The Basra campaign was widely criticized as poorly planned after it failed to disarm Shiite militias, in particular the Mahdi Army loyal to the radical anti-American cleric Moktada al-Sadr, reported the New York Times.
Al-Sadr's followers are eager to take part in the local elections because they believe they can take power away from rival Shiite parties in the vast, oil-rich Shiite heartland of southern Iraq, reported the Star Tribune.
Sadrists say Prime Minister Maliki and his American and Iraqi allies are using the pursuit of criminals as a pretext to weaken the Sadrist movement before coming elections, reported the New York Times. Yet the Iraqi government is being careful to portray the crackdown as an operation against criminals and illegally armed militias and not against Mr. Sadr’s forces, although the Mahdi Army is the most powerful armed force in Sadr City.
Ali al-Dabbagh, an Iraqi government spokesman, said he would not say “how many days or how many months? the government troops would continue their operations in Sadr City, but said “they will not come out until they are finished.?
Although clashes in Basra largely petered out after al-Sadr's order on March 30 for his militiamen to stand down under a deal brokered in Iran, fighting in Baghdad has continued, reported the Star Tribune. There have been daily gunbattles in Baghdad's main Shiite militia stronghold of Sadr City between militants and Iraqi and U.S. forces, which have used helicopters and unmanned drones to pound the insurgents from the air.
Washington maintains that as the Iraqi forces increase their capabilities, they will replace U.S. troops providing security in much of the country. But last week, Defense Secretary Robert Gates acknowledged that future U.S. troop withdrawals will go more slowly than had originally been hoped for.

Former Gopher Charged with Sexual Conduct

Former University of Minnesota football player Dominic Jones was convicted of unwanted sexual conduct, but cleared of rape charges on Friday.
Jones, who is still attending the university, yet no longer plays football for the Gophers, was charged and convicted of third-degree criminal sexual conduct, which involves performing a sex act on a victim without her consent, reported the Pioneer Press. The jury found Jones not guilty of third-degree criminal sexual conduct charges or rape, which involves penetration.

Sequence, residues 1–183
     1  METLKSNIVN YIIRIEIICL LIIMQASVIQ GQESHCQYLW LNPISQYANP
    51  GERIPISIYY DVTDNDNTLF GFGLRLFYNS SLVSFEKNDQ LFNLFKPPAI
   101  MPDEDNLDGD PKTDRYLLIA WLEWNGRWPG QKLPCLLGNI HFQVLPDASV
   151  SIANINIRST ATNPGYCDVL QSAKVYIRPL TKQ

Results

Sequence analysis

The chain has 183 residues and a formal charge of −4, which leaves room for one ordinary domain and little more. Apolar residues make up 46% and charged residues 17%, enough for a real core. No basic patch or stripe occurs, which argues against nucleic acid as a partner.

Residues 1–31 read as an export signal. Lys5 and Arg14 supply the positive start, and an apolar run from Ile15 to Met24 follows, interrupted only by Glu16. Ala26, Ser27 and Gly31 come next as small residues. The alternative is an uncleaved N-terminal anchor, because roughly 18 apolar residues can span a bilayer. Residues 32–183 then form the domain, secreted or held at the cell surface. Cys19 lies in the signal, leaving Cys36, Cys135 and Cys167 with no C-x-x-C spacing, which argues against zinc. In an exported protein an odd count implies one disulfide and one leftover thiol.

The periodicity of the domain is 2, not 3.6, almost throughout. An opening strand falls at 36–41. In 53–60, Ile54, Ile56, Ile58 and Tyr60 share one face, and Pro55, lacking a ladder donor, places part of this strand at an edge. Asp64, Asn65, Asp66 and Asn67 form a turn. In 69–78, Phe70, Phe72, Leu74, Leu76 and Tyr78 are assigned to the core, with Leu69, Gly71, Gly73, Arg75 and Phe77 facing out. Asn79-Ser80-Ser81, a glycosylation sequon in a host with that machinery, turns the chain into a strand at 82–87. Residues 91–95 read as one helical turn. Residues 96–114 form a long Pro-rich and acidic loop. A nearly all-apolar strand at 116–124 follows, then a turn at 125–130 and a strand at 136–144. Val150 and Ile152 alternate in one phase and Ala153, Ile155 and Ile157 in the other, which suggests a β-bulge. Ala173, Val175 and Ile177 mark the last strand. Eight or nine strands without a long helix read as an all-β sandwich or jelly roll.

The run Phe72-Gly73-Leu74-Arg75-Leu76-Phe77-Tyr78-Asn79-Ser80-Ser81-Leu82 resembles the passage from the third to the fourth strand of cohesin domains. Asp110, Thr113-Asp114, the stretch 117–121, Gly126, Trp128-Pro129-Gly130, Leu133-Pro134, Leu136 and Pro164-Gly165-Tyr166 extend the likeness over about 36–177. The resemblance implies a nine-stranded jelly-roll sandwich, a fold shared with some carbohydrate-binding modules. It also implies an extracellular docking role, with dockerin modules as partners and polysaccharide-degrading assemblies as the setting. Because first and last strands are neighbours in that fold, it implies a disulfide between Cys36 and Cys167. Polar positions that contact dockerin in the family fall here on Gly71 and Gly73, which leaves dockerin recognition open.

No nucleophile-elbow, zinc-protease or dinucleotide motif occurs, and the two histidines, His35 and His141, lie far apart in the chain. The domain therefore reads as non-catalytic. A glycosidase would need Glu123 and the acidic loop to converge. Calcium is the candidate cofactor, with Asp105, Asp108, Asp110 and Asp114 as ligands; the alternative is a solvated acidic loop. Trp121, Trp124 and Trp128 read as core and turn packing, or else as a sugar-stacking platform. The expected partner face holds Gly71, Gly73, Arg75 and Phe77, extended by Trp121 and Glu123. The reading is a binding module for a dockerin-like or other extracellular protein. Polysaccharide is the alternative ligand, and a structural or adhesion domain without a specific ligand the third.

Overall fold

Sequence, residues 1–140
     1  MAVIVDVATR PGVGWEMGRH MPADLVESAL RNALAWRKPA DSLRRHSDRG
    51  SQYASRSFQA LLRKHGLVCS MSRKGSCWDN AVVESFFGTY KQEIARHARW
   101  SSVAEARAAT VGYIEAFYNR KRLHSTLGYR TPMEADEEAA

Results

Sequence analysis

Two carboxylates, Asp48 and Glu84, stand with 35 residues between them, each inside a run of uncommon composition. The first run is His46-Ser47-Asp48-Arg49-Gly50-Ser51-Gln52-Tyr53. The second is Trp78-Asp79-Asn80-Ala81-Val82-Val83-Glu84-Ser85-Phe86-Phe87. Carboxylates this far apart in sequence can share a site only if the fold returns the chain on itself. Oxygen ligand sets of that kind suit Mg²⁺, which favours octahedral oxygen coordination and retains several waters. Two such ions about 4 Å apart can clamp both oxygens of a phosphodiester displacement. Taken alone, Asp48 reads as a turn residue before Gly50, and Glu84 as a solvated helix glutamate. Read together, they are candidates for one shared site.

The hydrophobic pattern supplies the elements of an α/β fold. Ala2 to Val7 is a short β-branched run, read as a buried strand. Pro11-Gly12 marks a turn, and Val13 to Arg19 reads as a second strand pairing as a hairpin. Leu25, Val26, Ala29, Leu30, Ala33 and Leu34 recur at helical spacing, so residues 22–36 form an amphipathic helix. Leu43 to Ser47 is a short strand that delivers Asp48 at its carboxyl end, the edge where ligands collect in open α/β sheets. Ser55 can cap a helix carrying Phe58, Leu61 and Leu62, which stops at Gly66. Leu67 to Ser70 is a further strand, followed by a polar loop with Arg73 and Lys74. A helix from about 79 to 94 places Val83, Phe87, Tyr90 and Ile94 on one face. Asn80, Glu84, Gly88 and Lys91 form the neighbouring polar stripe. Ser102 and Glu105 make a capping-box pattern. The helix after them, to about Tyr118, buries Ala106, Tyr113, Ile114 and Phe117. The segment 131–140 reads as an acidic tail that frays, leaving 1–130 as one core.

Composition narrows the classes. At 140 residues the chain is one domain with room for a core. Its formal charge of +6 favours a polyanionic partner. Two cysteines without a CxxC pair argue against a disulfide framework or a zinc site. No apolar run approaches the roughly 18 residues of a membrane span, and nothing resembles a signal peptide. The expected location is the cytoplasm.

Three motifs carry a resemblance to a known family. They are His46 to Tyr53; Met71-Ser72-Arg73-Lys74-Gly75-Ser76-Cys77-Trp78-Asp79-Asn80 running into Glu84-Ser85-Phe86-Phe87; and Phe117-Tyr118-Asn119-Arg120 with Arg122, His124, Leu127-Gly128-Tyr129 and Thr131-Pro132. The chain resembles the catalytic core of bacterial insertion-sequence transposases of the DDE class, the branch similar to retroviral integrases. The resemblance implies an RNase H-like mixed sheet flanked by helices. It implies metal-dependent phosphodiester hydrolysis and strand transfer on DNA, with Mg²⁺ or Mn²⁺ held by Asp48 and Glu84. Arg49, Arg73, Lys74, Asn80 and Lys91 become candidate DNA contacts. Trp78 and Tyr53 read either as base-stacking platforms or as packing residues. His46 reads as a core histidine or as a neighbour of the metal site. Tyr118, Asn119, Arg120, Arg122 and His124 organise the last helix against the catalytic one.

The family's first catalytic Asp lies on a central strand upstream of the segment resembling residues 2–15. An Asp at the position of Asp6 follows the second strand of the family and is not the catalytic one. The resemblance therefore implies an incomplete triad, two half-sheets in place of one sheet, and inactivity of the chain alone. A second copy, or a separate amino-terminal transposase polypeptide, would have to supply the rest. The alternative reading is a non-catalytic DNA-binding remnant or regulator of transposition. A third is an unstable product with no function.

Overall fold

During the weeklong trial, jurors saw cell-phone video that appeared to show Jones masturbating over the woman. The 30-second video ended with Jones smiling at the camera and a shot showing a white substance on the unresponsive woman's face.
Jones, 21, denied penetrating the woman. He testified in his own defense that the woman had consented to being masturbated on. Prosecutors said the woman had passed out after heavy drinking and could not give her consent.
Fourth-degree criminal sexual conduct is a felony, but defense attorney Earl Gray said the state's sentencing guidelines call for a 24-month suspended sentence. Gray said that Jones could be sent to prison for a year, but would likely get work release and be out sooner, reported the Star Tribune.
He would have to register as a sex offender.
Gray intends to appeal the verdict and seek a second trial. He said the evidence excluded at trial goes to the heart of the charge with which Jones was convicted.
The defense was not allowed to call a sexual behavior expert or present evidence of the woman having sex with other men that night. Also the handling of evidence was called into question, with a lot of the evidence going into the same bag.
The testimonies included the victim who said that she got into a vodka shot-drinking contest with former Gopher player, Robert McField. She said she remembered nothing of the evening beyond falling asleep on the couch and waking the next morning with a white substance on her face. She washed it off, went home and to work.
McField, who is now serving 12 years in a Missouri prison for armed robbery, testified he saw what he thought was Jones having sexual intercourse with the woman, but that he did not actually see penetration, reported the Pioneer Press.
Jurors began deliberations late Wednesday and by mid-afternoon Thursday had acquitted Jones of the more serious charge, according to their verdict form, reported the Star Tribune. They reached a verdict of guilty at midday Friday on the lesser charge. The jury quickly decided the act Jones performed was "humiliating and demeaning" to the woman, but not "cruel."
"I feel like the storm is almost over now. ... Hopefully this won't be the lasting impression that people have of me," Jones said afterward, reported the Pioneer Press.
Gray said Jones "absolutely" plans to appeal because key evidence was kept out the trial.
"The next time we try it, we will be able to give the jury a full picture of what happened that night," Gray said, reported the Star Tribune.